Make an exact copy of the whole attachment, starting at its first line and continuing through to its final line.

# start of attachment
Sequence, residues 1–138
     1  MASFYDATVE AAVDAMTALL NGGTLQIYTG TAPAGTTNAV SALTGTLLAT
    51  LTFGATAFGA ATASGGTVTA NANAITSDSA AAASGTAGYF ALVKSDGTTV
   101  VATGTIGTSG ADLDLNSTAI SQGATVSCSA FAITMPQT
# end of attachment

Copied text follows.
Sequence, residues 1–138
     1  MASFYDATVE AAVDAMTALL NGGTLQIYTG TAPAGTTNAV SALTGTLLAT
    51  LTFGATAFGA ATASGGTVTA NANAITSDSA AAASGTAGYF ALVKSDGTTV
   101  VATGTIGTSG ADLDLNSTAI SQGATVSCSA FAITMPQT